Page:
Although I can cover some distance when I’m out, the speed at which I meander along probably only qualifies as proper aerobic exercise in short bursts uphill. My aim has always been to see as much as possible of what’s out there and that’s not something I can do, or want to do at speed. Something like ‘slow wandering with a fair amount of hovering around, zig-zagging in pursuit of flighty insects and even standing still in a good spot to see what comes to me’, might describe it. At best I would say that taking a walk with me may turn into more of a meander with lots of stops to take photographs and I understand perfectly that this may, and sometimes does, cause impatience when walking with others, so for the most part I do prefer to roam alone.


When it comes to writing up a post, my I aim is to offer a general impression of a place at the particular time I visited it, adding in details within that space that caught my eye. No matter how many times I visit a place something will be different about it, if only the time of day, the season or the weather. I take a lot of photographs to use as a visual notebook and memory aid, and also to keep as records of my ‘spots’. In the post I generally put photos in first and then add words. Whilst my primary aim is to show the beauty and inform about the still-wonderful nature of places, I also want to show that not everything looks pretty all of the time. Locally it’s difficult to go anywhere where there is no evidence of the proximity of people and the placement of man-made installations and other interventions in our once-wild spaces. I think it’s important too for us to recognise how we impact on places and, in some places, to acknowledge the disturbance to wildlife that ever-increasing numbers of people can cause, no matter how well-intentioned we are.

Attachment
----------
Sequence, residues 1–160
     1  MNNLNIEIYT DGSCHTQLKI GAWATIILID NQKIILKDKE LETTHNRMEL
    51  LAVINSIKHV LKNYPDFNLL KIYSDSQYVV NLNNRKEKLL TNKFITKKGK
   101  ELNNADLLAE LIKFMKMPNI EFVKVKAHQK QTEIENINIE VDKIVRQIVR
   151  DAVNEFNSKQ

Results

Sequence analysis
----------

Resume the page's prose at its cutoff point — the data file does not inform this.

15 thoughts on “about”

  1. I’m so sorry to take so long to reply to your kind comment – I thought I had but it clearly didn’t ‘post’! I’ll be following your blog too, so keep posting about your lovely country!


  2. irishnaturejournal said: